Although working with Windows always involves vexations of one kind or another, it’s heart-warming to see a nagging problem finally fixed. Troubleshooting the Explorer environment is pretty darn difficult, as I’ve learned when trying to identify and extirpate misbehaving Windows Explorer plugins, even with the help of Nir Sofer’s excellent ShellExView program. It’s great that MS finally got this issue fixed, and to see Windows Explorer working properly again. I repeat: what a relief! Working around the previous problems meant navigating up and down the folder hierarchy just to see changes made (or folders added) within a drive or folder. Now, everything’s updating just as it should be.
Last February or March (2010) I purchased very nice HP notebook PC for about $1,100: it’s a dvtt-2300 CTO Entertainment Notebook PC with a Mobile i7 Quad-core processor (720QM 1.6 GHz), 6 GB RAM, nVidia GeForce GT 320M graphics, and a 7,200 RPM 500 GB hard disk.
This unit also includes a USB-attached fingerprint scanner made by Validity Sensors, Inc. model VFS301. Ever since I bought this notebook, and despite several calls to HP Support early on after I’d purchased it, the fingerprint sensor has failed to “report in” every third time I start the machine up from a sleep or hibernation state. Following resumption of activity, the notebook would inform me on those occasions that it failed to detect the fingerprint scanner, and thus, that it could not be used. Every time, that is, until I installed the latest round of Patch Tuesday updates. Then the problem went away.
At first, I thought there might have been a driver update that snuck past me for the device. Nope. The driver date is 5/4/2009. Because it’s connected via USB, I next checked to see if any USB drivers had been updated. Nix: all those drivers predate the release date for Windows 7. Sleep and hibernation fall under the control of ACPI, so I checked to see if any of those drivers had changed, either. Nada. Same 6/21/2006 date as for USB (probably associated with Windows Vista).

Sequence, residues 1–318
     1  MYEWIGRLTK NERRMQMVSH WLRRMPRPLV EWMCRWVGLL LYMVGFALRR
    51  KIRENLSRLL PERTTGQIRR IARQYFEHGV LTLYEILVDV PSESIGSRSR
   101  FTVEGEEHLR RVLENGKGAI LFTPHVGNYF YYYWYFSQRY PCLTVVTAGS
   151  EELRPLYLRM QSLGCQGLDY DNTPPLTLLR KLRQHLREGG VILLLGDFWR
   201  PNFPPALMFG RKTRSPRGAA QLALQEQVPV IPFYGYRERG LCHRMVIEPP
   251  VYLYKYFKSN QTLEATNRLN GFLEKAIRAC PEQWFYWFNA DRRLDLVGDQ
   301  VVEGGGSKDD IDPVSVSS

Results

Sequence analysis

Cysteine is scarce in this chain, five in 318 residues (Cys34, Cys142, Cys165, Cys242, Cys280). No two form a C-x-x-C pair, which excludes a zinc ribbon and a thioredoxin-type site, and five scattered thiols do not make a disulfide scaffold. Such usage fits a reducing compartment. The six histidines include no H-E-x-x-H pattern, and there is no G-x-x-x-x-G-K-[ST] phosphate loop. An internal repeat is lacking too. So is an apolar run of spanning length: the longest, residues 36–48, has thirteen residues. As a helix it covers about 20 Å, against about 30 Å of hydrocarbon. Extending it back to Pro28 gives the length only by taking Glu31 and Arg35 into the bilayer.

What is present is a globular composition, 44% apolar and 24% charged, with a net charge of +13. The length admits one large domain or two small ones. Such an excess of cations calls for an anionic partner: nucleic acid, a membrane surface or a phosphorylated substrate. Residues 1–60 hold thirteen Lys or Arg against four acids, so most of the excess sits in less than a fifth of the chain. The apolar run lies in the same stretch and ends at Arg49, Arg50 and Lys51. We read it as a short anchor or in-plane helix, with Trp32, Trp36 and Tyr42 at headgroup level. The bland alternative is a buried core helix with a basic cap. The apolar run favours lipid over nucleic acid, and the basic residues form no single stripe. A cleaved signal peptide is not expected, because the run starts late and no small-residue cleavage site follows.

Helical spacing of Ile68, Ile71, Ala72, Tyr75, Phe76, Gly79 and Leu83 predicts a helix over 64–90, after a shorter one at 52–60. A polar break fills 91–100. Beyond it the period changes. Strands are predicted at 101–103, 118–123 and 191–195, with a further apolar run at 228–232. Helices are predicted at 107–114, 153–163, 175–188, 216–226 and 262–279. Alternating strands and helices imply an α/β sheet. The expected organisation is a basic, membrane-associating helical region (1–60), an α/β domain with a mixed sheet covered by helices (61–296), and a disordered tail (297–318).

So why did something that was working hit-or-miss all of a sudden start working without a hitch? It’s been 10 days now since the second round of updates for April hit that machine (released 4/26, updated on 4/27 on the dv6t) and not once has the fingerprint scanner gone missing at boot-up or upon wake-up from sleep mode. As far as I can tell, the only possible culprit is Update for Windows 7 (KB2492386) another of the legion of poorly documented (read the Knowledge Base article, if you think you can read between the lines better than I can) Application Compatibility Updates that Microsoft occasionally releases.
You’re probably wondering why I bothered to dig into something that fixed a problem rather than causing one. Surely, that’s reason for rejoicing, rather than investigation? I can’t help it, I’m terminally curious about what causes changes in the behavior of my systems. I’m just as intrigued (and a little bit piqued) to have a problem fixed mysteriously as I am to have a new problem show up on one or more of my systems. If anybody else has other ideas on what might have changed the fingerprint scanner from occasional bad boy to good to go, I’d sure like to hear them. Please comment!